Threatened by the impending ‘little war’ the aristocracy, fearing their way of life will be destroyed by Hitler’s army, adopt an aggressive strategy of appeasement and it is this anxiety which propels the plot of Poliakoff’s script forward. The uncertainty and tension of the late summer of 1939 is our scene and an intriguing and poignant journey into the darkness of war produces an unforgettable drama from a writer and director whose ability to illuminate the harrowing detail of betrayal and heartache has never been more potent.
The formidable cast, eager to work with Poliakoff in the first feature production for over a decade, is headed by Romola Garai, recently seen in the title role of the BBC’s latest production of Emma, as Anne Keyes, the adopted eldest child of an aristocratic family with a rich history of high ranking public servants. Anne’s father is Sir Alexander, Bill Nighy in what can be considered one of his most impressive performances yet as the grave, morally ambiguous member of parliament with an agenda hidden deep within the labyrinths of power.
Their relationship is our safe haven in the film. When news of war breaks and hearts flutter with arrivals and disappearances Anna and her father console one another and Nighy is perfect as the solemn, solicitous patriarch whose family are integral to the nation’s fate. Eddie Redmayne and Juno Temple are Sir Alexander’s children by birth and their complicity and active part in the family’s fortune comes to overshadow the carefree and affectionate relationship they share with Anna when the film begins. Every relationship has a truth and a solidity to it that is Poliakoff’s forte, and it compels each and every twist with great power.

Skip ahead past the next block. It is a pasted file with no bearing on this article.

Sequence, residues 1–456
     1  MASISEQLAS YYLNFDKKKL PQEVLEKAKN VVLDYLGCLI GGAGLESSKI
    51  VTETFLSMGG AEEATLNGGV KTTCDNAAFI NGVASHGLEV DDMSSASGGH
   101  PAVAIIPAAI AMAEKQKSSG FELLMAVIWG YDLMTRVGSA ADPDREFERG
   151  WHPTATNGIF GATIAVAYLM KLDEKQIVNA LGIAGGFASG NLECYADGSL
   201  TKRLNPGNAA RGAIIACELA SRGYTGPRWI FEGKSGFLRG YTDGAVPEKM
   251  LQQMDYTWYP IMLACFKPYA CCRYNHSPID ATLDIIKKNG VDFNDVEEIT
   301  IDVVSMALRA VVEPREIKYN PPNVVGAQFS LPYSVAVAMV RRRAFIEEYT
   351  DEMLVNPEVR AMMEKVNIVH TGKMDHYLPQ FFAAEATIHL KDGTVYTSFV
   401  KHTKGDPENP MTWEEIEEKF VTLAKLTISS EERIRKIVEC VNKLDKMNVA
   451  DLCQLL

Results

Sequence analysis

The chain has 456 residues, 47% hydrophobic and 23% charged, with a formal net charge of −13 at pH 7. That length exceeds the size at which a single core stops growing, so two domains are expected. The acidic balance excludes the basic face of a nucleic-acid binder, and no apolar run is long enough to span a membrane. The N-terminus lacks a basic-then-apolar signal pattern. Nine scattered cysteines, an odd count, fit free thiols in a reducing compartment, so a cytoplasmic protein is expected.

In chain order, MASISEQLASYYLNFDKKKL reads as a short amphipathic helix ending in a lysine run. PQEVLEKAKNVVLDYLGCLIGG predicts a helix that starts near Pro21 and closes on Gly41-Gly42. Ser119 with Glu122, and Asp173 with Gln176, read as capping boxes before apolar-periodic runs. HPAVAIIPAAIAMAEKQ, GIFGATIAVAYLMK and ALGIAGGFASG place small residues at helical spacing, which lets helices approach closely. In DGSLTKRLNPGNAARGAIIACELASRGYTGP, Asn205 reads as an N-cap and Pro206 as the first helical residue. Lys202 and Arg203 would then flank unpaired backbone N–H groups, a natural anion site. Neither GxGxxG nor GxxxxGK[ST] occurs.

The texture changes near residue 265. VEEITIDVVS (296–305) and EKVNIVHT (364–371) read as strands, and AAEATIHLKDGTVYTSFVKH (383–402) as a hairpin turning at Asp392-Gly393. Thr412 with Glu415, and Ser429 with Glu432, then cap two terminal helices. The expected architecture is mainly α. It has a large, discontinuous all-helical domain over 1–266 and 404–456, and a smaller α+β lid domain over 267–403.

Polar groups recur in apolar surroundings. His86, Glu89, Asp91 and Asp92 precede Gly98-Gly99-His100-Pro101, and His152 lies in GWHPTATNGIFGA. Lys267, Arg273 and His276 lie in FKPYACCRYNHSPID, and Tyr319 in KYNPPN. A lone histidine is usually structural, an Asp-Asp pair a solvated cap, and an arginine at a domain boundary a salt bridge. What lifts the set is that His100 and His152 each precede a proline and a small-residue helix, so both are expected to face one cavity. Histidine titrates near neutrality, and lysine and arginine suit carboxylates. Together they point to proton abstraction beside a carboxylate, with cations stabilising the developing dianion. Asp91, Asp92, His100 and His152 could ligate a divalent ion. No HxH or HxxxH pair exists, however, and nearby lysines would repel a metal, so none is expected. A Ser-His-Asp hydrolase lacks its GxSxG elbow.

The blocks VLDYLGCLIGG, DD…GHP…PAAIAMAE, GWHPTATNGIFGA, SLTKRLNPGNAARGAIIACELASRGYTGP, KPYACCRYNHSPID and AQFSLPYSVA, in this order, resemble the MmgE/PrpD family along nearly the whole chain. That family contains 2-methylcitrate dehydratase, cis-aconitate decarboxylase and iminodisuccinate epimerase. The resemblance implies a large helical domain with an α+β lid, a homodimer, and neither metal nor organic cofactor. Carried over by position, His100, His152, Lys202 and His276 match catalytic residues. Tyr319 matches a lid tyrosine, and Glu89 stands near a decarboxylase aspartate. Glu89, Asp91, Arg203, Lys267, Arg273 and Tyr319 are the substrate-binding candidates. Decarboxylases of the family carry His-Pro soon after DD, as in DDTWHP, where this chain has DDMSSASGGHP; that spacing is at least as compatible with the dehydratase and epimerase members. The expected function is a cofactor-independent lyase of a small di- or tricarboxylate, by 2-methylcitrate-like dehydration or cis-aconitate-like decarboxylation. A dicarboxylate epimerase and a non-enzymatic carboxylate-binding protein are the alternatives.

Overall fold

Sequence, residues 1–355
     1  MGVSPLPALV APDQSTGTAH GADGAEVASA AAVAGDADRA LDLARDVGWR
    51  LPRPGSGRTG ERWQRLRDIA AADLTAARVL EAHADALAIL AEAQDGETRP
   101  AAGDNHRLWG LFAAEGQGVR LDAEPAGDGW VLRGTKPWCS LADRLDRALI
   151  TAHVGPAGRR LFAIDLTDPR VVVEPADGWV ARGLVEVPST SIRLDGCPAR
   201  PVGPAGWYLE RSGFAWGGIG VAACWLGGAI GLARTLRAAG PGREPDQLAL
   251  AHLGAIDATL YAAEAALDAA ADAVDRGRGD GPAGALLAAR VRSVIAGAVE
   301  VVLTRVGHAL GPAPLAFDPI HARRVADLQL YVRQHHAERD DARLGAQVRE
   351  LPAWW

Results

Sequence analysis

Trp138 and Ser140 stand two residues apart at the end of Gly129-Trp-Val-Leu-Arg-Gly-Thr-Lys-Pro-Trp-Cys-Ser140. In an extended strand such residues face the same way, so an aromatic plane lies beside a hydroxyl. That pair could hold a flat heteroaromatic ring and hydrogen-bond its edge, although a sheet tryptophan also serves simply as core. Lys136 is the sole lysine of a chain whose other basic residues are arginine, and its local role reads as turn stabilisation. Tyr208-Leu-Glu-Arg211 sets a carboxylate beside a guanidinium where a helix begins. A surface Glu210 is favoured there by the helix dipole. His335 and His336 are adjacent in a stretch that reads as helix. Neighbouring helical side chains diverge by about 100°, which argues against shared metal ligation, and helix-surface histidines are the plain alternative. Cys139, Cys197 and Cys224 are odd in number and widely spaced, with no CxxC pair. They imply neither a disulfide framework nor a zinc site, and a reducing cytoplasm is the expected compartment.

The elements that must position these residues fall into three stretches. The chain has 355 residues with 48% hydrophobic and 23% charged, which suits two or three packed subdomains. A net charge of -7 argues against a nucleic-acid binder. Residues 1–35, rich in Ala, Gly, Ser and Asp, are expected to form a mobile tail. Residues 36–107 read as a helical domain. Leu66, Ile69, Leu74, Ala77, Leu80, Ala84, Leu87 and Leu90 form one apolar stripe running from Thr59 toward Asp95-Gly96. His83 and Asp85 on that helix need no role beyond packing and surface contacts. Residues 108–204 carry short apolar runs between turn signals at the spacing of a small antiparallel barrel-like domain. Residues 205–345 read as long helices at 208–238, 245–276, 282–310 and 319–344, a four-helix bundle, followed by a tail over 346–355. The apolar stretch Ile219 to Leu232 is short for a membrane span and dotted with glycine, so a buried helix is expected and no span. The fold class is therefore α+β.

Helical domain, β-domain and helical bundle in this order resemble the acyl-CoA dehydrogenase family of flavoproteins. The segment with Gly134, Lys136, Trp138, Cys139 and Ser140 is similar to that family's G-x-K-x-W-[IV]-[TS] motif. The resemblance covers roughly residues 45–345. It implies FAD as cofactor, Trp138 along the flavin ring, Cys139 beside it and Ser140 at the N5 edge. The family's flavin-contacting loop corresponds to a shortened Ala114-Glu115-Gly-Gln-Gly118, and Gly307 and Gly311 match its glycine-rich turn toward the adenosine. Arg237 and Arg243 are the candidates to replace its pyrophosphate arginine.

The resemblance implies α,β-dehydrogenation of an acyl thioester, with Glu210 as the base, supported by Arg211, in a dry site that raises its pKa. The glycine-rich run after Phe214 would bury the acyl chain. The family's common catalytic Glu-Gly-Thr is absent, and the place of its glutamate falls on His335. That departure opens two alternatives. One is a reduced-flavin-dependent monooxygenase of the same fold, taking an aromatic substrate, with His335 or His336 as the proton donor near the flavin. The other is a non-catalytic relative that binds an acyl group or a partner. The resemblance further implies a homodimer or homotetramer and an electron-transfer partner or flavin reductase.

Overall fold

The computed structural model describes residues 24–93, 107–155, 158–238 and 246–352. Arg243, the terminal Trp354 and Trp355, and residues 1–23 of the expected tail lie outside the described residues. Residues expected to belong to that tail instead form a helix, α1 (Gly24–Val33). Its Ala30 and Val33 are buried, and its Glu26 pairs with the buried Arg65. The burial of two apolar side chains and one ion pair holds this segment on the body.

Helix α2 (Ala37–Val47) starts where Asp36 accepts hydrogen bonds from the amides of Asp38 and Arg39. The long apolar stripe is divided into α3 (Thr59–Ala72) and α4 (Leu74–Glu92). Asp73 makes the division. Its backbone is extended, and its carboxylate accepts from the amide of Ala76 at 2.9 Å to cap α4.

Charlie Cox plays Lawrence, Anna’s lover and a middling civil servant whose fate is buffeted by the class-invoked tempest that results from the declaration of war. He is a sympathetic in a well cast role, and thanks to the overbearing air of suspicion his agenda and manner is constantly under scrutiny. His friendship with Hector Haldane, played with a frenzy and passion by David Tennant, and a fateful birthday celebration for Sir Alexander brings together the family with several shady government officers whose silence and reverence for the host of the party fuels a distrust in Anna that has devastating consequences for all involved.
Poliakoff’s contribution to film and television is unparalleled and it with great pleasure that we welcome him back onto the big screen. His recent television works, including The Lost Prince and Shooting the Past, are works of such complexity and grace that even a minor work is considered a glowing achievement in the field. Glorious 39 has moments of true genius, from the stunningly original method of establishing the transition from present to the past to the message from the grave Anna receives is a chilling and bold spin on a cliched turn.
The camerawork is almost Kubrick-esque as the handheld tracking shots following characters as they move through the shadowy interiors of houses or into running into rapidly collapsing external spaces is breathtaking. The rose pink skies over the quiet Norfolk hills contrasts perfectly with the cluttered, smoke scarred London with its cacophonous clash of bells; every location is perfect and serves the story well. The ruins of an old cathedral in the family grounds is an evocative environment and the various ways it is used to further the plot is thrilling in its invention.
The language is beautiful and precise, the prosaic nature of government and family politics is rendered with such imagination and poise that the plot, as it unravels, is gripping at every turn and the scenes we encounter as Anna’s world closes in on her are filled with emotional authenticity. The use of a Keats poem to foreshadow a key plot point is a moment of joy.
The opulence of scenery, of performance and complexity to this tale is so overwhelming that to attempt to cast a critical eye upon its entirety is futile. This is a powerful masterwork whose elements combine to produce a moving, thrilling film.
Glorious 39 is out in cinemas on the 20th of November.